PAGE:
The Student News Site of St. Joseph's University

The Hawk News

The Student News Site of St. Joseph's University

The Hawk News

The Student News Site of St. Joseph's University

The Hawk News

Beyond the Field: violence prevention, social justice and leadership through football

Valencia Peterson and KeShan Allen (third and fourth from left respectively) stand outside of City Hall with jerseys representing players that were victims of gun violence. PHOTO COURTESY OF VALENCIA PETERSON

In the past year, young people have been at the forefront of social justice movements across the U.S., acting as catalysts for change at local and national levels. Young Philadelphians have joined the fight against injustice as well. Over the course of the semester, The Hawk will feature profiles of Generation Z activists in and around Philadelphia who are working to create change in their communities. 

As talks of a canceled football season grew louder among administrators in The School District of Philadelphia last summer, KeShan Allen, a rising senior cornerback and wide receiver for the South Philadelphia High School Rams, knew football players like him across the city stood to lose more than a football season. 

They risked losing the motivation to continue going to school. They risked losing contact with their coaches who were also mentors. They risked losing an outlet from the violence surrounding them.

So, Allen and a contingency of high school football players from across Philadelphia went to City Hall in July to demonstrate what impact a canceled season would have on those who needed football the most. 

With a statue of Civil Rights activist Octavius Catto as his backdrop, along with four jerseys representing seven Philadelphia high school football players shot and killed in the last four years, Allen stepped in front of a cluster of microphones to speak about how, for so many student athletes in the city, sports are a lifesaver.  

“We wanted to say something about the price this season has cost, not just on us but for all student athletes in the city, especially in the inner-city, high-poverty communities,” Allen said. “In my speech I remember saying, ‘Our school district is not really the best school district, and a lot of people go to school just for sports.’ If it wasn’t for sports, a lot of people just wouldn’t be in school. They probably would have dropped out. And we don’t get the same support the suburbs or the Catholic schools get.”

A month later, Allen and the others who attended the demonstration were invited to District Attorney Larry Krasner’s office for a closed meeting to further discuss the consequences that pushing off the season, and thus leaving teenagers across the city with idle time, could have on the community.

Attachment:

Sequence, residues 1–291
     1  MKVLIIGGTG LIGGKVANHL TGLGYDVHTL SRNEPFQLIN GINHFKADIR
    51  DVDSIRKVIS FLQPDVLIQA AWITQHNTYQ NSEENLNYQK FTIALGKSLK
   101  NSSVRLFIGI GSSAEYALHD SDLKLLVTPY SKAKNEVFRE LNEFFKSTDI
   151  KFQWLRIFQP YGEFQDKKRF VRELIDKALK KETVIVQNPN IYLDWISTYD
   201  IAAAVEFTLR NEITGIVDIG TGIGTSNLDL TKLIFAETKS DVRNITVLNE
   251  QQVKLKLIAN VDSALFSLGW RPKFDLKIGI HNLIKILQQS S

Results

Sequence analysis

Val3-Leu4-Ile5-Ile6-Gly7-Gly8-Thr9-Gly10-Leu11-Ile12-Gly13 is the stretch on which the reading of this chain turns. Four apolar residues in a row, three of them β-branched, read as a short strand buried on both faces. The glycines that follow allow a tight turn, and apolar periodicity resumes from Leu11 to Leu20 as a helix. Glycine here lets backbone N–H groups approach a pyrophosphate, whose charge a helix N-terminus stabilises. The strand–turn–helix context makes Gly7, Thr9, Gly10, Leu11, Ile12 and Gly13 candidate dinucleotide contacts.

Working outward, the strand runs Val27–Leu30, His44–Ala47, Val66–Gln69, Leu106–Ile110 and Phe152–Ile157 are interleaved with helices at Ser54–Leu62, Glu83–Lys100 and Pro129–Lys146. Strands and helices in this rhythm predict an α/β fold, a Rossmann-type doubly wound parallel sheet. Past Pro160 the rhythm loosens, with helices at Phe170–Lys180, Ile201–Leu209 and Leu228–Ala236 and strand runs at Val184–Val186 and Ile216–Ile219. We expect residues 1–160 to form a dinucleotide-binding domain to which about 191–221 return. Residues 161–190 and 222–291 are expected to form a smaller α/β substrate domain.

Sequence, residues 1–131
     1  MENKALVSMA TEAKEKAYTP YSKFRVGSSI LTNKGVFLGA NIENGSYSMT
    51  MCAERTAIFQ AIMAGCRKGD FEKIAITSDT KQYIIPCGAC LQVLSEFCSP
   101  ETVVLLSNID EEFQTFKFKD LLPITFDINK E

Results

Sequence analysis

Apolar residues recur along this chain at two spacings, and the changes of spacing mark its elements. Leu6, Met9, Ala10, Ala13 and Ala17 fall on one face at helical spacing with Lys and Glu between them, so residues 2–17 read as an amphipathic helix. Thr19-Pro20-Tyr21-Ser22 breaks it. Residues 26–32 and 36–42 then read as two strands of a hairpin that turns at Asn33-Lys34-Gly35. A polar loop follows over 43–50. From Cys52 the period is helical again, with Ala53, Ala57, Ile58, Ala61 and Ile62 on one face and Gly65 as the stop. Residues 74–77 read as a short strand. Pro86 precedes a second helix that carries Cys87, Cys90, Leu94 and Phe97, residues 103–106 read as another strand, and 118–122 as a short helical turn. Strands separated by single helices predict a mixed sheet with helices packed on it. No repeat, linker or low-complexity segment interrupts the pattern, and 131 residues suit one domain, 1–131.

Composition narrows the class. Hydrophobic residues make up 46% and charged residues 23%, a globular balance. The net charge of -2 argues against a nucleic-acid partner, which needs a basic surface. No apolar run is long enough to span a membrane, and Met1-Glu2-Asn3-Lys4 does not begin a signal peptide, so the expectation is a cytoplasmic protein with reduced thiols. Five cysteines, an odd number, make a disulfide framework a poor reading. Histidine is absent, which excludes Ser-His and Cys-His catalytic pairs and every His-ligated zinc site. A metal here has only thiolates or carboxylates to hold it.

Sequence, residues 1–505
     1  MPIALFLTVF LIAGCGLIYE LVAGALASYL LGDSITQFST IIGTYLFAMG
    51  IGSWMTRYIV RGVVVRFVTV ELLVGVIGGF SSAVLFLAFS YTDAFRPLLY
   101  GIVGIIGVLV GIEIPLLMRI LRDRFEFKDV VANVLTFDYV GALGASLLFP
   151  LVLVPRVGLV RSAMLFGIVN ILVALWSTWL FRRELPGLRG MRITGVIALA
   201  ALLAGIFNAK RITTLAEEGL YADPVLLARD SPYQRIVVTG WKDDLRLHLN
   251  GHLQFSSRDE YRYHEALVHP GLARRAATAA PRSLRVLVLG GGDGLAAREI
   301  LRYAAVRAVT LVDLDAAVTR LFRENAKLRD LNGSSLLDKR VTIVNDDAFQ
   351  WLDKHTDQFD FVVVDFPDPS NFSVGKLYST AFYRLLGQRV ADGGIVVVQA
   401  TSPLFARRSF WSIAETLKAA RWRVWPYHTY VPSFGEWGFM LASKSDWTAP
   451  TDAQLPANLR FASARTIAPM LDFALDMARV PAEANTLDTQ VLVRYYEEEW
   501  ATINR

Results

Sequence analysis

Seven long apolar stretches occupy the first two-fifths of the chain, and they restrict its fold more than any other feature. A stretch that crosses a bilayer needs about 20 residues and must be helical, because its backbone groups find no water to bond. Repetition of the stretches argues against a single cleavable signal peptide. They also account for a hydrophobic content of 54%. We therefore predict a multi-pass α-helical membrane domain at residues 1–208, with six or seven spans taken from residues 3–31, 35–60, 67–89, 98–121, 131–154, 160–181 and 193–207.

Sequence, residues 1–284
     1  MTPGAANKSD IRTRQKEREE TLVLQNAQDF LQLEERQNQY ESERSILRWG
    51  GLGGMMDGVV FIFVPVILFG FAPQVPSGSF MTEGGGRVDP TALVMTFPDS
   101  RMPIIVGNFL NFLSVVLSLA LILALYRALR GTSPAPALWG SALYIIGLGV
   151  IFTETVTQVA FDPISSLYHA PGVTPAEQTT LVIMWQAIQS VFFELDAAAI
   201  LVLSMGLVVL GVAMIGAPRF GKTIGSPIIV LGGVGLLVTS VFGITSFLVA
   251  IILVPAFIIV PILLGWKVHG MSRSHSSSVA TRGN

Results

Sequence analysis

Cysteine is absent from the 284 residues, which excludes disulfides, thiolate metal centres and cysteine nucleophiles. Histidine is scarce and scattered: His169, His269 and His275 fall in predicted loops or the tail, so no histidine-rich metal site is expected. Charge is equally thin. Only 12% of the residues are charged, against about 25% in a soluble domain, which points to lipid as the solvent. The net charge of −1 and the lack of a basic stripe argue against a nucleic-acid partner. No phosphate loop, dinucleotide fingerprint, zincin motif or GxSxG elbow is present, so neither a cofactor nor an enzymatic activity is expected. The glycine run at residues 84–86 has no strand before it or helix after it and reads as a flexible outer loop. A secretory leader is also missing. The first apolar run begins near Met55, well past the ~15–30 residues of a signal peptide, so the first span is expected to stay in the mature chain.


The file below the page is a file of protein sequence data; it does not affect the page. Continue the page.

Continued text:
Record surges in violence in Philadelphia disproportionately affect young Black men. In 2020 alone, there were 166 shooting victims aged 10-17, with 20 of them being fatal. Of those young victims, 77% were Black males.

“Growing up in Philly, you see people get shot like you see people blinking,” said Brandon Frierson, a senior defensive back and slot receiver for Olney Charter High School.

Allen and Frierson are part of Beyond the Field, a community-based initiative created last summer in response to the coronavirus pandemic. Run by a nonprofit, Open Door Abuse Awareness & Prevention (ODAAP), Beyond the Field stepped in to address the gun violence in the city by offering football players across Philadelphia an outlet to practice and work out in lieu of their canceled season. 

Founder and CEO of ODAAP, Valencia Peterson, affectionately known as “Coach V,” said filling the void was urgent. The players needed an escape from the violence around them that a COVID-19-induced pause on sports had robbed them of. So, Peterson devised a plan, doing what she has made a life of: reaching young men through football and welcoming them into her family. 

Peterson knew the stakes. On July 5, one of the high schools ODAAP works with, Frankford High School, lost a player, 15-year-old Angelo Walker, who was shot and killed while riding his bicycle outside of his home in the Overbrook section of Philadelphia. 

“As we spoke about stopping the gun violence and how kids were losing their lives, we realized there can be a direct correlation to having nothing to do and the gun violence now,” Peterson said.

Peterson hesitated to label what ODAAP does as a program, preferring to call it “doing life with people.” She said ODAAP focuses on teaching life lessons and building relationships with young people “by any means necessary.” Those means are often football, which Peterson coaches at Penn Wood High School in Lansdowne, Pennsylvania.

“We work with young people wherever they are,” Peterson said. “It’s not so much ‘come to our program.’ It’s ‘ODAAP has inserted itself in your program.’ You don’t even know that you’re part of ODAAP. All [the young men] know is that this coach right here really cares about us and they created something for us to have a positive space.”